Back in the early 2000s, I had read an article about a man who would not take a step outside his home for an entire year. This was part of an experiment on whether it would be possible to do every transaction for goods and services through the internet. I don’t know about the results of that experiment, but I remember being awed by the potential of the internet then.
The amount of time and effort that could be saved which impressed me. From Restaurant food, Grocery, Medicines, Clothing, Electronics to even delivery of Liquor. We could opt to see a doctor by booking an appointment or have an electrician come to our home for repairs. There would be no more waiting in queues. You could just order online and wait for the retailer to deliver it. Or you could opt for a pickup and pick up the goods while coming back from the office. You could use the extra time you save to do the things that you actually want to do. Like visiting your friends, pursuing a hobby, reading a book or even going out and catching a Pokemon.
Now a decade later, Hyperlocal very much defines the experiment that happened back then. Hyperlocal marketing platforms are now assisting local businesses and services to sell their products/services online by first listing these businesses and cataloguing their products and then delivering them through their logistics network. The biggest achievement of Hyperlocal though is the fact that it can match your immediate need to the nearest source of supply and then deliver it in the shortest time possible.
Let us just take a look at the grocery market which constitutes a significant proportion of the hyperlocal market. India’s grocery market which is the world’s third largest market is valued at about $503 billion and its value is expected to rise to $900 billion by 2020. The current hyperlocal grocery market doesn’t cover even 1% of the total grocery market. This along with other factors like the rise of internet users, an increased trust of the online media as a channel for transaction, the rapid growth of mobile internet users as well as the presence of technology that helps hyperlocal businesses track location has resulted into multiple start-ups coming up in this space. And it is not just start-ups; investors are also pouring massive quantities of cash into this sector. Over 200 million dollars have already been invested into this sector already.
One of the key growth challenges that Hyperlocal business is facing currently relates to the unit economy and per order profitability. In the grocery market where the profit margins are slim, the varying shelf life of its products, as well as the higher delivery costs, will continue to pose a challenge. In fact according to Haresh Chawla of the India Value Fund Advisors, even at a basket size of INR 1000 and 500 deliveries/day, a hyperlocal grocer is still losing INR 112/delivery. The reasons for this are the high operating costs with respect to warehousing, delivery,returns etc. According to him, it would take 2000 deliveries/day at INR 1500+/delivery for the firm to make money.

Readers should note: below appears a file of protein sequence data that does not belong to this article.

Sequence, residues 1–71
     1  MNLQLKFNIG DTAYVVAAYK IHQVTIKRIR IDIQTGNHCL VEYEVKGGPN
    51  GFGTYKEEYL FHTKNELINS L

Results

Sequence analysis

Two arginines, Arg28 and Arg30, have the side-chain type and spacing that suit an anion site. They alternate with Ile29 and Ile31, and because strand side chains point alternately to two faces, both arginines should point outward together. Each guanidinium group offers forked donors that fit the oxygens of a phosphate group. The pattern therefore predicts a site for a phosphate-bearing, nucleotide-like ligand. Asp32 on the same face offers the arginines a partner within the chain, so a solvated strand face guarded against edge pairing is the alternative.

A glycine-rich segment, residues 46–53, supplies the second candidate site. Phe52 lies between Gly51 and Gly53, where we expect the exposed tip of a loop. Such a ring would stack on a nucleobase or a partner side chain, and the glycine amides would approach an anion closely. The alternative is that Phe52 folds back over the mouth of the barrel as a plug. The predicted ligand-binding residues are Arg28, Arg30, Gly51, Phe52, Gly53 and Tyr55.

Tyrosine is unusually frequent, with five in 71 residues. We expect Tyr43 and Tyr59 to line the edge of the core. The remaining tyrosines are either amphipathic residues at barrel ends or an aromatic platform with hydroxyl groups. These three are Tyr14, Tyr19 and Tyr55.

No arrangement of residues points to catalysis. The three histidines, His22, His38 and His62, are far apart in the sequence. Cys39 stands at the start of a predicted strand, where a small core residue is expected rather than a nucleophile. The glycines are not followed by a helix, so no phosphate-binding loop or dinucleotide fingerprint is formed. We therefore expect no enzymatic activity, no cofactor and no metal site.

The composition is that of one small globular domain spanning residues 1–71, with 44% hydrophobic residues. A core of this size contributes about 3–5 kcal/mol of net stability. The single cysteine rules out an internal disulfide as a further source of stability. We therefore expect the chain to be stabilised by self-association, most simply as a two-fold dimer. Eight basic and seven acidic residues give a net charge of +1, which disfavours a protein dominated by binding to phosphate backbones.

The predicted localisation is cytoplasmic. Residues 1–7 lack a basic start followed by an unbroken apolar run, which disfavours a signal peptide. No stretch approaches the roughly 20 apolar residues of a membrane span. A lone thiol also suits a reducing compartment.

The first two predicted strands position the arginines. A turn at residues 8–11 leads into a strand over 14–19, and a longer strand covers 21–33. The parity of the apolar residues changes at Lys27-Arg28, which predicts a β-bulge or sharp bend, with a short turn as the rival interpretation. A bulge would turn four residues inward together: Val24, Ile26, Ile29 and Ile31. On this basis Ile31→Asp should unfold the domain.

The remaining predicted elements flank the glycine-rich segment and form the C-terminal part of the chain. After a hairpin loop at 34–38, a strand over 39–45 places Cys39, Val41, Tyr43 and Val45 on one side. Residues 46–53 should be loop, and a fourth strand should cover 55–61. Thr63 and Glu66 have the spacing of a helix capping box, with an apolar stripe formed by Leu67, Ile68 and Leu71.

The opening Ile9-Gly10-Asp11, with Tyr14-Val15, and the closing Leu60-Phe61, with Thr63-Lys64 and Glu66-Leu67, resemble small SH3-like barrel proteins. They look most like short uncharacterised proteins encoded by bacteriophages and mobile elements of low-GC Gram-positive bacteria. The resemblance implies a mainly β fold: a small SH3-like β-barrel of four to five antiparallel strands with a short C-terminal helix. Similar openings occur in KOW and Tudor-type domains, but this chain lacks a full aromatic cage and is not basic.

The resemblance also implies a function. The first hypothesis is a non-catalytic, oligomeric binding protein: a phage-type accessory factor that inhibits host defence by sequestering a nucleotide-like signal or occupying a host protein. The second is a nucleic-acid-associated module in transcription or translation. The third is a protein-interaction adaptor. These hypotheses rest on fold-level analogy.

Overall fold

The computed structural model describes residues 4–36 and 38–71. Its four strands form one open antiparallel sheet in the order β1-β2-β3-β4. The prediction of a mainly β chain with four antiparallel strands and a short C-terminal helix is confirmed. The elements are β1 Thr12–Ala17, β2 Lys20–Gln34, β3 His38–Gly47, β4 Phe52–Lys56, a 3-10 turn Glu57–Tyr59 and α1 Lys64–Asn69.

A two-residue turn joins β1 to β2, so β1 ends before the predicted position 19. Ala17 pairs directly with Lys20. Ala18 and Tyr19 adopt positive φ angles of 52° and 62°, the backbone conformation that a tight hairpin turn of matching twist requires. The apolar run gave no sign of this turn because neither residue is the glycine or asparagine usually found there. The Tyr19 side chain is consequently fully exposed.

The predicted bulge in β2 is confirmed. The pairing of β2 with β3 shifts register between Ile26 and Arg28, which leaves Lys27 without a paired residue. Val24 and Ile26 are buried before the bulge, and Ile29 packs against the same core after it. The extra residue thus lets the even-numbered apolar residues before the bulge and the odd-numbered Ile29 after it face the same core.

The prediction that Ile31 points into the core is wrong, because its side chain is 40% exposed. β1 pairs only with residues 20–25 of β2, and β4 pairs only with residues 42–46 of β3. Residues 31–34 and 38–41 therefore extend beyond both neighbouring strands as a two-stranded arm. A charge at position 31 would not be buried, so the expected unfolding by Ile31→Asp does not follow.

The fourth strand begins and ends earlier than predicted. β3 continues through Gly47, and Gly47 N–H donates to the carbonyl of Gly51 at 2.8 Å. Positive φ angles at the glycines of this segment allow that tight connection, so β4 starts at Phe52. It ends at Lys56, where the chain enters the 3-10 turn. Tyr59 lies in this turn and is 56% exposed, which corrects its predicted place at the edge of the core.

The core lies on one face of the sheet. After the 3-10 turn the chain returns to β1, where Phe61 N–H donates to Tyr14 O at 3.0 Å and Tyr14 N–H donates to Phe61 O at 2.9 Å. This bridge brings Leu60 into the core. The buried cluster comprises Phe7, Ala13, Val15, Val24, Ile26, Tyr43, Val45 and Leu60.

The quality of its local partner’s matters as well. The poor quality of data and inventory management systems in the retail stores poses a severe problem. In order to ensure fast deliveries within two hours, the products should be present with the resident grocer in a locality. An efficient forecasting system that can do predictions based on prior buying behaviour in a locality could help solve this issue. Therefore continued investment in analytics and processes is another necessity.
The expansion is another dilemma. While the Tier 1 cities have welcomed hyperlocal services with open arms, the concept has faced a lot of resistance in Tier 2 and other smaller cities. Unlike in the Tier 1 cities where young, tech-savvy individual forms a significant chunk of the demographic, the smaller cities have a significant smaller tech-savvy audience which makes it harder to achieve sustainable volumes. People in these smaller cities still prefer buying from their neighbourhood Kirana store. This has resulted in hyperlocal start-ups to face huge losses in these cities. Grofers had decided recently to shut down operations in nine of the cities it had started operations in due to this reason. These cities which include the likes of Bhopal, Bhubaneswar, Coimbatore, Kochi, Ludhiana, Nashik, Rajkot, Visakhapatnam etc. shows that hyperlocal model is yet to be perfected for cities outside the five major metros. It will take some time to shift this mentality.
Logistics is a key issue as well. One of the biggest problem faced by most hyperlocal services is finding a reliable delivery workforce who can fulfil the demand. Since the businesses involved essentially aggregate stores and pick up the order to deliver, having a delivery fleet remains essential to the business. This control over end to end delivery helps them enhance customer experience. But in recent times, Hyperlocal firms in order to increase efficiency and cut losses, have begun experimenting with third party logistics and have started outsourcing part of its deliveries to these logistic firms. Depending on the outcome, Outsourcing logistics to third-party logistics might be the way to go in future.
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